Open access online journals do have their upside. They are open access, for one thing, so that, in principle, results are accessible to far more people than fee-for-access and/or print-only journals. And publication is generally faster than for print -- so all our cutting-edge results are out there as quickly as possible.
But when the author pays for publication, it's hard to see that the quality of the journal isn't compromised by the conflict of interest this creates for the publisher. It's a lovely you-scratch-my-back-I'll-scratch-yours system, serving the insatiable need for investigators to publish, and the need of the publisher to turn a profit.
In some ways this system does not make the science--DNA sequencing and analysis--bad, because something so intricate may be better handled by software and hardware developed by the narrow, but highly technical professionals. But ordinary scientists--most of us--might be much more likely to blunder through mistakes of all kind that would be difficult for readers, who haven't the time, technology, or talent to detect.
The data may become part of public data bases (a very positive trend in life sciences) but may have layers of errors in them, undetected by the scientist. Whether or not the interpretation is correct, probably the centralized technology does at least constrain errors up to a point -- but not completely.
But investigators are in a sense losing the primary skills that could be important in better designing and carrying out studies. Like students who no longer no how to do multiplication, logarithms and the like by hand, most biologists know how to manage equipment but not how to do the primary work, such as writing computer programs specifically tailored to the problems they are working on. (Many lab methods have become so automated, or off-the-shelf that scientists may not even know how to do simple things like pour gels or make buffers anymore, either.) This can force analysis into what some large lab's programmers decided was the right way to do the analysis. Assumptions differ, program algorithms differ, and options differ. Local judgments are being suspended to a considerable extent. If you don't have to think about the problem except to decide whether to use Structure or Adixmap, Haploview or SeattleSNPs, or which analytic package to use, each with its own often very complex, subtle, or even unstated operating assumptions, then you are at least one step removed from a deeper understanding.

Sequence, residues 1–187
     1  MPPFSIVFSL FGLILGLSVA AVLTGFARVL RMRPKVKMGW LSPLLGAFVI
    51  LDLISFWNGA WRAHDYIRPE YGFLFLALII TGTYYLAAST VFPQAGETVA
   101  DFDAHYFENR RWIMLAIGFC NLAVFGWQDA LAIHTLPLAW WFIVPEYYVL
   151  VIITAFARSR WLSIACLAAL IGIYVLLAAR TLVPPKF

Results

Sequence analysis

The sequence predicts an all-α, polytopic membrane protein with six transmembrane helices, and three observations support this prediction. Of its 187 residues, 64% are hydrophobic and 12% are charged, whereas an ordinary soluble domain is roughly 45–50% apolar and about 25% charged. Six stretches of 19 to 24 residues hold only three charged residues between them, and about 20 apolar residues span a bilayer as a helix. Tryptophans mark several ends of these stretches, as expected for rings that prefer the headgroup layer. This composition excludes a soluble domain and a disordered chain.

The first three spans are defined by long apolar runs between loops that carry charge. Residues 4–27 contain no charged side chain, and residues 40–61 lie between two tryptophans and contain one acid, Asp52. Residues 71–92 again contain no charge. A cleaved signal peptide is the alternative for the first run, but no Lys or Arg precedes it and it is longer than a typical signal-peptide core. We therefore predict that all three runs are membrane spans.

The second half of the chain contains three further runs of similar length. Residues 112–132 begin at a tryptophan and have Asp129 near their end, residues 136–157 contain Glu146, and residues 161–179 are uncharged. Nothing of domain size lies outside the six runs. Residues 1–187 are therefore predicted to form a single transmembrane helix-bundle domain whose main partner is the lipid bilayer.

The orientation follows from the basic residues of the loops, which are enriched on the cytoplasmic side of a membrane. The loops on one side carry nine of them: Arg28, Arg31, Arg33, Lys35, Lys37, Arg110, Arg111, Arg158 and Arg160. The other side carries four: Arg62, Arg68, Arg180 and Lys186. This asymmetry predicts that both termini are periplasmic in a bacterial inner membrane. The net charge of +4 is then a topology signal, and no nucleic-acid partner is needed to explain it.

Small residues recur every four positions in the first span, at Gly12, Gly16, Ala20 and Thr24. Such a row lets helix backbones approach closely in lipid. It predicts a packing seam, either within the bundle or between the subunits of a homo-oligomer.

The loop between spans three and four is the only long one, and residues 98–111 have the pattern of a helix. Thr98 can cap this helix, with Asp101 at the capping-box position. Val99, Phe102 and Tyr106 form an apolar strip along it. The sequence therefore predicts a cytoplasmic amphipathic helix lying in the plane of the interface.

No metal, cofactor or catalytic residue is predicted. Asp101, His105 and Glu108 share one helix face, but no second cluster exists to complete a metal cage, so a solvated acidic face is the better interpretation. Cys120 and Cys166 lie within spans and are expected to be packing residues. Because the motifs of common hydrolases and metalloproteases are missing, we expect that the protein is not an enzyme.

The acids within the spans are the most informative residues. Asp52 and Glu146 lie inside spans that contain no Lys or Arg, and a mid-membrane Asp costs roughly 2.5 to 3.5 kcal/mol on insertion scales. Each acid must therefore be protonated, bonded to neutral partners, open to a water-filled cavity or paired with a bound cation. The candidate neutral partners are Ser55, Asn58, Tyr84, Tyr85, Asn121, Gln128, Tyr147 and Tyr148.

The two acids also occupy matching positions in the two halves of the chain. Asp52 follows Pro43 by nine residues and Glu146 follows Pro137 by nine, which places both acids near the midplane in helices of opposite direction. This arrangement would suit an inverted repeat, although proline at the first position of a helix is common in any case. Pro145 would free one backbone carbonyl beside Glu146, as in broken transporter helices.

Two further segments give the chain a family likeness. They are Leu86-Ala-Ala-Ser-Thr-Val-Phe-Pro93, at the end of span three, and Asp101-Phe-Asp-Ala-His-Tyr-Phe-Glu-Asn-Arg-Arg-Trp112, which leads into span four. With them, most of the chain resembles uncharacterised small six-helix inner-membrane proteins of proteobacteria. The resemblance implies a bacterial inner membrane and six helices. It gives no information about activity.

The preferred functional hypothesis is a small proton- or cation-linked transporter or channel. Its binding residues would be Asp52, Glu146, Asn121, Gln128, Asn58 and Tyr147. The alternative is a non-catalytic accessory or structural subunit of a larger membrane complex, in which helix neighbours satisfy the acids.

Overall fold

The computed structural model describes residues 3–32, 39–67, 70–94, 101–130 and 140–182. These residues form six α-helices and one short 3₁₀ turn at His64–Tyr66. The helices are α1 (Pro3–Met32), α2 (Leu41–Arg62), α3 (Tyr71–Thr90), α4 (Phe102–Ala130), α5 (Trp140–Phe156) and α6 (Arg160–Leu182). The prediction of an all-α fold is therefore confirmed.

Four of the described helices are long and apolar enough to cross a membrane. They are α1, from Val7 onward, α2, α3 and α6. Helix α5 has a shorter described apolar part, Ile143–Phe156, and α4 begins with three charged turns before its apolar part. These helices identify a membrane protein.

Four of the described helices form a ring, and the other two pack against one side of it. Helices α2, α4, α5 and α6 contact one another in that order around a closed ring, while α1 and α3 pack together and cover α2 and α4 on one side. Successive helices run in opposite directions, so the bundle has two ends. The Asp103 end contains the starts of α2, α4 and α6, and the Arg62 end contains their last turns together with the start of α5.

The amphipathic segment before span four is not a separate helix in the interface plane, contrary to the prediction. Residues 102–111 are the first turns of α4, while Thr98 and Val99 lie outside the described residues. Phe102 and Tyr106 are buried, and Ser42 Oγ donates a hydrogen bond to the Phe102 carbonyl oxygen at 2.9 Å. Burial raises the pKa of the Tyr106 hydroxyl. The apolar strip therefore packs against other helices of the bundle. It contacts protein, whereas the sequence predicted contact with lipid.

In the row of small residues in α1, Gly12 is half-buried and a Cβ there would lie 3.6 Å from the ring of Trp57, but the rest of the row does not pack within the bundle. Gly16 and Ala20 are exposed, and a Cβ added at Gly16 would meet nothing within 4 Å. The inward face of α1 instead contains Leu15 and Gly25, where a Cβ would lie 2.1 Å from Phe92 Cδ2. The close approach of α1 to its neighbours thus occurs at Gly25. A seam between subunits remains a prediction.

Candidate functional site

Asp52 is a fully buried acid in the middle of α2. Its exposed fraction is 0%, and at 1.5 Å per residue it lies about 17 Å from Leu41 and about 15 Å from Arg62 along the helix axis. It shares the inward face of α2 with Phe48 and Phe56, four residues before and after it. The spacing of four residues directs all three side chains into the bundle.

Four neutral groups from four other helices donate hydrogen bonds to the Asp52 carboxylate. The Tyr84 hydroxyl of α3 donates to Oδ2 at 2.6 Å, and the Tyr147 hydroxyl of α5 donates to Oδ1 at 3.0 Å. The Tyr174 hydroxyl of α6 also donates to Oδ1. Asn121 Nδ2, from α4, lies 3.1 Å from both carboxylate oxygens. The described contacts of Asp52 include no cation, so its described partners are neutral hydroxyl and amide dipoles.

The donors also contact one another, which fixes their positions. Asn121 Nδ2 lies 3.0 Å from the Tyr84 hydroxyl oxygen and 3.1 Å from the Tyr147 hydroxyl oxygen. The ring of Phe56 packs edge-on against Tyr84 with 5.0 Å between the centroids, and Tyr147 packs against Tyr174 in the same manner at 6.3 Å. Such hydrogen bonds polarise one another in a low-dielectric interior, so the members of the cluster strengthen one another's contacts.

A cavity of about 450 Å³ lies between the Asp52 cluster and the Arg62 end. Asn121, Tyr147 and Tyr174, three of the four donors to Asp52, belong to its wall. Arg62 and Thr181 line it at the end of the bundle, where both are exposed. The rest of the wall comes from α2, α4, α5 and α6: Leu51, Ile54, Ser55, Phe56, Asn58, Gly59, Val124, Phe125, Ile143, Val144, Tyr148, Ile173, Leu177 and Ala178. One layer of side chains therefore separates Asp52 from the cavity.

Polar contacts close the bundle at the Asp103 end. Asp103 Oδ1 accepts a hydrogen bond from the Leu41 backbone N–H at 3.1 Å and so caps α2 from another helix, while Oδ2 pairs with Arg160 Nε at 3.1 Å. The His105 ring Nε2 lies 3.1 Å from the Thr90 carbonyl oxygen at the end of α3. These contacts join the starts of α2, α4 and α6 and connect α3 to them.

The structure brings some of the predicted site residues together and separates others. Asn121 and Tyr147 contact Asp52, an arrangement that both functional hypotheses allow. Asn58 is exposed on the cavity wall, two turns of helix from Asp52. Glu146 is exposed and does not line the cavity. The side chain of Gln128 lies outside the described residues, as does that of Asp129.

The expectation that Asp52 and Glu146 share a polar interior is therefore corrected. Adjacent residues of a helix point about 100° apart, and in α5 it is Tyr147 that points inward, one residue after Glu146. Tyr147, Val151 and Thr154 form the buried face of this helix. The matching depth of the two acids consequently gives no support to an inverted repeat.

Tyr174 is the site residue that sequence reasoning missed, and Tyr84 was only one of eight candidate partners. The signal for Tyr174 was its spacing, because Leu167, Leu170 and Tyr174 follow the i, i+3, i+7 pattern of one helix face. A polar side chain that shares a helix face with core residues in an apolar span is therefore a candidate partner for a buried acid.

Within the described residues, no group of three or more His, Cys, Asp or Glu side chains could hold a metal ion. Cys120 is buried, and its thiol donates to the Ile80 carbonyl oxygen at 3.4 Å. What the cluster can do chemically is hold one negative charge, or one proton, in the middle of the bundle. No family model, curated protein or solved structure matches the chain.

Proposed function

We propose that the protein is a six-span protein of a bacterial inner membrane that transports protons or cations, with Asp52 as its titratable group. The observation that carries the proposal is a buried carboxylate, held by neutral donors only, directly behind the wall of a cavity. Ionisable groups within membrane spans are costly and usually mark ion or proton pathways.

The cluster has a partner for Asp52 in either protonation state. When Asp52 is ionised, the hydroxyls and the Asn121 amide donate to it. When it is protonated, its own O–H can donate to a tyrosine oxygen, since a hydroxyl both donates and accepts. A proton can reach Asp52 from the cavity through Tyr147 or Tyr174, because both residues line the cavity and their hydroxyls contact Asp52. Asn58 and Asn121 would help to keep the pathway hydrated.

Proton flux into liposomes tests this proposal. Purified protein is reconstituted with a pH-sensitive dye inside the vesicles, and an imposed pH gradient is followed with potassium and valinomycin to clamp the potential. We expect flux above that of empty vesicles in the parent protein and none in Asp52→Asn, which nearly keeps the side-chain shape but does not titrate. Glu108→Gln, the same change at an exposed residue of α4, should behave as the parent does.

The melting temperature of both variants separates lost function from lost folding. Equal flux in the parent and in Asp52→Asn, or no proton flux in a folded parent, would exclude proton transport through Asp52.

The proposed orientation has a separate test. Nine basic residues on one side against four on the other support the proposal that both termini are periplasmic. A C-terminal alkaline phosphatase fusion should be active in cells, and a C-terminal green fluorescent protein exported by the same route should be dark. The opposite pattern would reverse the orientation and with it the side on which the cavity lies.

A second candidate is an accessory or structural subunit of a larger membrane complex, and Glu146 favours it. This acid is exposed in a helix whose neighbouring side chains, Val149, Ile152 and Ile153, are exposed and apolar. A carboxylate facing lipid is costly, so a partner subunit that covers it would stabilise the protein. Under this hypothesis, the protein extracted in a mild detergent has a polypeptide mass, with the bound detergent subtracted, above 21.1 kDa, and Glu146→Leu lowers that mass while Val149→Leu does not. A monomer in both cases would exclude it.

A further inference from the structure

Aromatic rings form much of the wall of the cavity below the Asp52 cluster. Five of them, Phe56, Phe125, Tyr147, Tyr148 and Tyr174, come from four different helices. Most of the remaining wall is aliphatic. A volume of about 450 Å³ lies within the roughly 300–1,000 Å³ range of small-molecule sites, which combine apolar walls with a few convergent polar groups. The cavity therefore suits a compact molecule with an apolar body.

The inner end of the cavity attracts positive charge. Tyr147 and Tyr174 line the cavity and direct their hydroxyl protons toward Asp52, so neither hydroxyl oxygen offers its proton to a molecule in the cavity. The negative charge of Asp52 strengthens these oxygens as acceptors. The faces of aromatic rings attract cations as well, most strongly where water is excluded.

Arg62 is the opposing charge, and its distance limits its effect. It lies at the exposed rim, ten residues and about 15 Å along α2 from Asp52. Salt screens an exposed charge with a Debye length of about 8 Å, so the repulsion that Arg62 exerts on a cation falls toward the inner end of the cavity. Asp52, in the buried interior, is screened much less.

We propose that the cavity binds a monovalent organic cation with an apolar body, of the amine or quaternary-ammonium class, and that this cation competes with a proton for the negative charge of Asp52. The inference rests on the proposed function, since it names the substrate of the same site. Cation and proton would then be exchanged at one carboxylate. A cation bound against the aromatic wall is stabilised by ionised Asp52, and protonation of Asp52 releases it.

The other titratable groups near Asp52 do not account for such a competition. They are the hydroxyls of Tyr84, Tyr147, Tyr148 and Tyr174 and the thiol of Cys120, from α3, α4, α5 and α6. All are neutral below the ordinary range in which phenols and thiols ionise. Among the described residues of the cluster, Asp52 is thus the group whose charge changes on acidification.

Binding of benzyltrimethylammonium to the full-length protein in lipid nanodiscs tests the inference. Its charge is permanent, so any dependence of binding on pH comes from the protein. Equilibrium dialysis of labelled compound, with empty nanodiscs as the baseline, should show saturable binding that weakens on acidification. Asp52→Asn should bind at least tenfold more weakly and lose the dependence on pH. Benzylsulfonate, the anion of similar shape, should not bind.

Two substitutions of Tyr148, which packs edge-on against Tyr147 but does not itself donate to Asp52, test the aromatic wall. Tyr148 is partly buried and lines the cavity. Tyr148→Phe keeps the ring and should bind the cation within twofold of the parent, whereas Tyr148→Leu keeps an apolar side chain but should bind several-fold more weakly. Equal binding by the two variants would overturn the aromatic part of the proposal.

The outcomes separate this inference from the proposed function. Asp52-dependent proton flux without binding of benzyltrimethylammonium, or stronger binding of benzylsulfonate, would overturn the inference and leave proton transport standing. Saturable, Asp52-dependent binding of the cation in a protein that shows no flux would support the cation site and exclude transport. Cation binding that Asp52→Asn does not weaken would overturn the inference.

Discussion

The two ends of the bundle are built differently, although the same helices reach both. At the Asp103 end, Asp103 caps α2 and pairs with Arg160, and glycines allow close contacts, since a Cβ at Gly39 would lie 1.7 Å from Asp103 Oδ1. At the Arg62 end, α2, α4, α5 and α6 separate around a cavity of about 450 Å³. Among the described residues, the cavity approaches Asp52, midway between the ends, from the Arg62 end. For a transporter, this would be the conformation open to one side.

Hi-tech science is so high-tech that it is also to a considerable extent unrealistic to expect it to be other than the kind of operation it is today. Where the balance of knowledge, skills, and centralization should lie is a matter of judgment. But the haste, numbers of 'errata' regularly published in journals, and overwhelming amounts of data being produced through a proliferating array of journals, raises important questions.